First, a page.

Mellon-funded Research to Explore the Global Midwest

Rachel Havrelock

Rachel Havrelock, one of the 2014 Mellon researchers. Photo by Micki Leventhal

As part of the Andrew W. Mellon Foundation-funded fifteen-member consortium Humanities Without Walls, the UIC Institute for the Humanities has awarded grants to four LAS faculty research projects exploring “The Global Midwest.”

The Mellon Foundation provided $3 million in funding over two years to consortium members to stimulate collaborative research that rethinks and reveals the American Midwest as a key site—both past and present—in shaping global economies, cultures, and public policies. The initiative aims to demonstrate how the humanities address the grand challenges of our time.

During the second year the Mellon Foundation will focus on Global Midwest projects that involve two or more members of the consortium, funding innovative research and public humanities projects. The deadline for the second round of grant applications is October 30, 2014. RFP materials can be found here.

The College of Liberal Arts and Sciences has provided additional seed funding for LAS-based Global Midwest research projects. “This initiative provides a framework for cross-institutional research on a scale that is truly unusual,” said LAS Dean Astrida Orle Tantillo. “Given the world-class humanities scholars at UIC and the other consortium institutions, there is little doubt that the interactions it fosters will lead to groundbreaking research. The College is delighted to support this innovative program and anxious to see the fruits it will yield.” 

The Humanities Institute spring 2014 Global Midwest research projects awards went to: Christopher Boyer, Departments of History and Latin American and Latino Studies, for “Cultivating Landscapes: Midwestern Farming and Mexican Cornfields”; Jennifer Brier, Departments of History and Gender and Women’s Studies and Elena Gutierrez, GWS and LALS, for “Collaborative Collection of Chicago’s Community Histories”; Rachel Havrelock, Department of English, for “The Great Lakes: Global Water and International Boundaries”; and Amalia Pallares, LALS and Department of Political Science, for “Trans-displacements: Migration, Gentrification and Citizenship.”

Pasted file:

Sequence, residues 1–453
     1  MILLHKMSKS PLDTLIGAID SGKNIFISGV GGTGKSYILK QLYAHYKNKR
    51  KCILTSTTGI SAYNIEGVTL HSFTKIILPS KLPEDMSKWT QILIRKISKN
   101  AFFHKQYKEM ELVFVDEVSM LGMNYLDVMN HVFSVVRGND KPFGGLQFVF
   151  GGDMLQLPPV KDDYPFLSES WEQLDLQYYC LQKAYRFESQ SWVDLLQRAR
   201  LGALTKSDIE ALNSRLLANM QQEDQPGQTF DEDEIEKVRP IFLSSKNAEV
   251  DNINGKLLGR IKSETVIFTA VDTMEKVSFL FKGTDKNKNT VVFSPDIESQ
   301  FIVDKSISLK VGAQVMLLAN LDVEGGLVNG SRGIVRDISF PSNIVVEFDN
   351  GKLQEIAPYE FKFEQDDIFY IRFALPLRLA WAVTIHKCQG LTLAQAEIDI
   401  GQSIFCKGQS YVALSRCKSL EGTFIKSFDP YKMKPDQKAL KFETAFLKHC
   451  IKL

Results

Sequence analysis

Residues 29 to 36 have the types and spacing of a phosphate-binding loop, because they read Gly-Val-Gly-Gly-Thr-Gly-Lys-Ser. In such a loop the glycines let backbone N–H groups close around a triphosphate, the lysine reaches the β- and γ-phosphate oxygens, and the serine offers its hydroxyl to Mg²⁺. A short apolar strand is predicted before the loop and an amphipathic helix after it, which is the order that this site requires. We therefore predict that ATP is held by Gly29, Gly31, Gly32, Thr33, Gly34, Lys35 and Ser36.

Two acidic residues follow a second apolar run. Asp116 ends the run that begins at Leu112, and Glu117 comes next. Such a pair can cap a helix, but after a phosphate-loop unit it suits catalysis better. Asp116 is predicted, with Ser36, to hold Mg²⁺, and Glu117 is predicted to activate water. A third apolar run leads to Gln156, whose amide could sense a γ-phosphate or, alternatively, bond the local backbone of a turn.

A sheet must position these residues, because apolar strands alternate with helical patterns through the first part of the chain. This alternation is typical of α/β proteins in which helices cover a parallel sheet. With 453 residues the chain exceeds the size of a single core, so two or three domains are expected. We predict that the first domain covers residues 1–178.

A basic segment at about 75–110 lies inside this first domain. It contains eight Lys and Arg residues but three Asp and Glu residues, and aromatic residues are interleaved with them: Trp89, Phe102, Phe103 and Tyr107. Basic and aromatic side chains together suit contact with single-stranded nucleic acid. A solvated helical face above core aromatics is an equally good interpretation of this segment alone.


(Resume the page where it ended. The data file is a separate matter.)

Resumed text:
“This was a very competitive award process and we had many more proposals than we could fund,” noted Susan Levine, director of the UIC Institute for the Humanities. “This initiative not only reflects the exciting humanities research being done at UIC, it also demonstrates how the humanities can speak to the major questions and problems of our day.”

A second initiative of the Humanities Without Walls consortium is the development of workshops for pre-doctoral students in the humanities who intend to pursue alternatives to academic careers. Workshops will take place during summer 2015 and 2016 and will be developed and managed by the Chicago Humanities Festival.

Centered at the Program for Research in the Humanities at the University of Illinois Urbana-Champaign, the consortium includes Indiana, Michigan State, Northwestern, Ohio State, Penn State, and Purdue Universities and the Universities of Illinois, Chicago, Iowa, Michigan, Minnesota, Nebraska, Wisconsin-Madison, and Notre Dame. The Chicago Humanities Festival and the Graduate School of Library and Information Science at UIUC also partner with the project.